Narrowing the Gap: Putting a Face on Sickle Cell Pain

The biggest problem that patients with sickle cell disease face may not be the excruciating pain from this challenging genetic blood disorder, but the lack of understanding they get when they arrive in the emergency room with pain rating a “ten” on a scale of zero to ten. Patients with sickle cell often face physicians who do not truly understand their disease or their pain, and worse, these patients are often labeled “drug seekers” looking for their next high. These patients don’t appear to be a “ten” on the pain scale. What most emergency room physicians don’t know is that after years of living with one of the most painful and misunderstood diseases, these patients’ pain is masked – they are so used to the pain that they don’t respond to it the way the average person might. Pain physician Bill Zempsky knows that the key to better treatment is narrowing the gap in perception between patient and physician.

“If you change this perspective, I think the care will change,” the Mayday fellow said.

Since the Mayday Pain & Society Workshop, Zempsky has begun writing a commentary about the injustices of the treatment of sickle cell patients. He published a commentary in the Journal of the American Medical Association (JAMA). He has also published letters to the editor addressing issues of chronic pain in newspapers including the New Britain Herald and the Hartford Courant.

“Those are things I probably wouldn’t have done if it weren’t for this training,” he said. “I’ll continue to do this kind of stuff because it’s much more in my consciousness. Advocacy will play a much greater role in my career than it has in the past.”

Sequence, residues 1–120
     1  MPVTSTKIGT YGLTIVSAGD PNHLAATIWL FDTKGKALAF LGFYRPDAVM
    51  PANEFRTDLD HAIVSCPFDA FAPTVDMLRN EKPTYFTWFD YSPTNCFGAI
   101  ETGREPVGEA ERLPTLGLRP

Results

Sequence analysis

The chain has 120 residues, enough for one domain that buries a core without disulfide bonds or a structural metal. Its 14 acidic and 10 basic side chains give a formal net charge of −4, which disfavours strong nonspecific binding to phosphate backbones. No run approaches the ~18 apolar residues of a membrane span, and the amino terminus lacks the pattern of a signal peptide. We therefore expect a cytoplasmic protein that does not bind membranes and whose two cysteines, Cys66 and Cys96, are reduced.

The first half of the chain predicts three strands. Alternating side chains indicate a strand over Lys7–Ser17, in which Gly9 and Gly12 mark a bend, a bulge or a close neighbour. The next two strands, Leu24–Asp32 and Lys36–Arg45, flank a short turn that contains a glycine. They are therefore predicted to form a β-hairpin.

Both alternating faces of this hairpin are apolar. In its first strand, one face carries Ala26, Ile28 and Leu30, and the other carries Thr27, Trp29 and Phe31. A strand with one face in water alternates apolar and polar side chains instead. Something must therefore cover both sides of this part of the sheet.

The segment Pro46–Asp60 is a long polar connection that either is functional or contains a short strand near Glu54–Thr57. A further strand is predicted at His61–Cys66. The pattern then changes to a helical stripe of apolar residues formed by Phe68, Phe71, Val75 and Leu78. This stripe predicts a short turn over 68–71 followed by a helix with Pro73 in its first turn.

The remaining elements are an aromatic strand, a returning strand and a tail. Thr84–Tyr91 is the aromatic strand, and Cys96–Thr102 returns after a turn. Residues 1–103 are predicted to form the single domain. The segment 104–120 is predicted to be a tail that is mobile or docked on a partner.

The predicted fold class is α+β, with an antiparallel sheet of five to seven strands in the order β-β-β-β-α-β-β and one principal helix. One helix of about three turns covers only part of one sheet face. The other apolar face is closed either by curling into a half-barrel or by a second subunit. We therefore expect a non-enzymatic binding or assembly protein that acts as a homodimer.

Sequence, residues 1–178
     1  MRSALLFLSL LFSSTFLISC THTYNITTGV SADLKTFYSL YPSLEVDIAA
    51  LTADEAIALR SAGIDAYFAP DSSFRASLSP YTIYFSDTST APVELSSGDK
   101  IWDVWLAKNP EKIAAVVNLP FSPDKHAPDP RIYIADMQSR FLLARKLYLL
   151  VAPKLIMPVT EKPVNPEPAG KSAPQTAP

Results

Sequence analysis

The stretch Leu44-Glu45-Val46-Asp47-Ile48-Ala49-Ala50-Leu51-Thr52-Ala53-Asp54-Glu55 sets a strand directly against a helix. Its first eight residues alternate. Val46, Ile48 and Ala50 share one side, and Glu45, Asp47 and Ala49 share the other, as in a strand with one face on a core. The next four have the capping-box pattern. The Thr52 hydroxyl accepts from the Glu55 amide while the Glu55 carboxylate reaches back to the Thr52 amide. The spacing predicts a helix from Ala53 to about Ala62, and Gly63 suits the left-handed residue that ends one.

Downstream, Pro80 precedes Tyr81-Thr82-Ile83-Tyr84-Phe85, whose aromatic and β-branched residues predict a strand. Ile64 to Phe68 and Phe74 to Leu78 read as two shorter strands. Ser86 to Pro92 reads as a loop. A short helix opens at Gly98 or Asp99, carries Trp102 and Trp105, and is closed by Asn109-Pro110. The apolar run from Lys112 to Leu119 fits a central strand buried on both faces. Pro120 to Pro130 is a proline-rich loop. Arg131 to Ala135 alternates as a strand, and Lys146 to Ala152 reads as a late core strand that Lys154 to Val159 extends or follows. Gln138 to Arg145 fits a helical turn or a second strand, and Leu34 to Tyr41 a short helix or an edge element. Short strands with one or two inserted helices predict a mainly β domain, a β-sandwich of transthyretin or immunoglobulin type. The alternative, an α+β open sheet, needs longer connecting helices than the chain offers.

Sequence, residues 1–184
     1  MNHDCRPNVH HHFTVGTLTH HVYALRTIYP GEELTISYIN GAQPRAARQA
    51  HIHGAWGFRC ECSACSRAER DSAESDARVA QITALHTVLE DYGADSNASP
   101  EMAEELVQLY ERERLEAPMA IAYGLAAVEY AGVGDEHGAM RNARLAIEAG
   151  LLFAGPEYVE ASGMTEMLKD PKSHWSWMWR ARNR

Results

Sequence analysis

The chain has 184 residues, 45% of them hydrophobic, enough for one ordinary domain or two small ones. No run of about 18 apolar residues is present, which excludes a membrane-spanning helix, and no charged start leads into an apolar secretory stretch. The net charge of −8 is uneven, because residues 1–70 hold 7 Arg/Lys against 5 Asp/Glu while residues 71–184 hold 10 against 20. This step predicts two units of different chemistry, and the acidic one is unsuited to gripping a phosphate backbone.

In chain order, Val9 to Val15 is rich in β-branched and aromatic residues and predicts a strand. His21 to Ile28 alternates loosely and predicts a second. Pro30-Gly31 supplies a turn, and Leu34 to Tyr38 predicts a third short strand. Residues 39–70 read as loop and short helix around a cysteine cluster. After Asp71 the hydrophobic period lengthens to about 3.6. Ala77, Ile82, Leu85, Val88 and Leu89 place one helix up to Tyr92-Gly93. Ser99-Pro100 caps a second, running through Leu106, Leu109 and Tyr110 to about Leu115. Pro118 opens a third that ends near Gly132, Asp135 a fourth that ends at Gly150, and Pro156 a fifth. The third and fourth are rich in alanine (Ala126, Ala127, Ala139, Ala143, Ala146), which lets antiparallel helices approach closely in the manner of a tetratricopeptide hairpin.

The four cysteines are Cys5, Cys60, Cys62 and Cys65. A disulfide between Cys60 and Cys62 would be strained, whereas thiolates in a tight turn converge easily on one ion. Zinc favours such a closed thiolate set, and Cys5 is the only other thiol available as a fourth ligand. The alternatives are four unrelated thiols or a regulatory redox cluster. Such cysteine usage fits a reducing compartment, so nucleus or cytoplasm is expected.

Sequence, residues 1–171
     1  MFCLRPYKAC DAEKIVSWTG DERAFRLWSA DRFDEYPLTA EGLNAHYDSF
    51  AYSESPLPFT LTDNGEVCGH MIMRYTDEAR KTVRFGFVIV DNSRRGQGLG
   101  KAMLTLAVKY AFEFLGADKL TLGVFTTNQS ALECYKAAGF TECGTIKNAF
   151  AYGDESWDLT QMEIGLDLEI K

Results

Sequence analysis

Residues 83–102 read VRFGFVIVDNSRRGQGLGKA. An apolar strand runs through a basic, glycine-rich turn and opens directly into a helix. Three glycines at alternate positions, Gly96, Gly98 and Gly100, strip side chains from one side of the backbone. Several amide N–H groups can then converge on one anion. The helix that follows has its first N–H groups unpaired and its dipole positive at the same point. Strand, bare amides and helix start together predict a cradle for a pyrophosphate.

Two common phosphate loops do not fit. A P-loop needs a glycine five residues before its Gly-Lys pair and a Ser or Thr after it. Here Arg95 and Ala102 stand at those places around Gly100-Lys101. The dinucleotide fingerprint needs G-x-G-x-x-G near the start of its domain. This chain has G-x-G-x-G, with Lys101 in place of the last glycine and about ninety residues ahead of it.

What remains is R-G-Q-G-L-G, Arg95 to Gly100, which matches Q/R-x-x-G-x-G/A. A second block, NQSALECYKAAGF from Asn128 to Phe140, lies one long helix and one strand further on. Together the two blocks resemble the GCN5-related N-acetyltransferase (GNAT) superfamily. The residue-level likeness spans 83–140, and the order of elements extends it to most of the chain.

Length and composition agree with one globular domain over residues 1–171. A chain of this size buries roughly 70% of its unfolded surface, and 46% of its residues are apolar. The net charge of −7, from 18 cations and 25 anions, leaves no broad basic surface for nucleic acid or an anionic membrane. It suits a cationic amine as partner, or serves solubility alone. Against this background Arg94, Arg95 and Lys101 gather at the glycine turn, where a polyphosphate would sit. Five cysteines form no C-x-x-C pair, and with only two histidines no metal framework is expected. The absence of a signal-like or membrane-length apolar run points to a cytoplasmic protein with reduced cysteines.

Zempsky said the training taught him to advocate in other areas like government and “how to move your agenda forward and get people to notice you.” Prior to the Mayday training, Zempsky said he had some media experience but felt uncomfortable in these other arenas.

By working proactively with the media, Zempsky has been able to spread his message beyond the pain community. He sees the media as a viable partner and is not afraid to make a statement about specific controversial issues. He is now constantly aware of his audience; it’s important for the public to read his commentaries, but he also knows that he must target physicians in order to change their minds.

He also successfully organized a symposium where he brought together people with Sickle Cell disease and emergency physicians, two groups that do not often collaborate. He said the meeting was valuable for both sides and sickle cell treatment initiatives have since grown out of it. Currently, Zempsky is leading a group which is developing guidelines to disseminate to all hospitals in Connecticut. This initiative has been supported by the Connecticut Department of Public Health.

“It’s an example of working across groups,”” he said. “We’re bringing stakeholders together to get something we can all agree upon, which is not something I would have felt comfortable with before the Mayday training.”

Bill Zempsky, MD, is a 2008-09 Mayday fellow. He is a professor of Pediatrics at the University of Connecticut School of Medicine and Associate Director of the Pain Relief Program at Connecticut Children’s Medical Center.

23 March 2016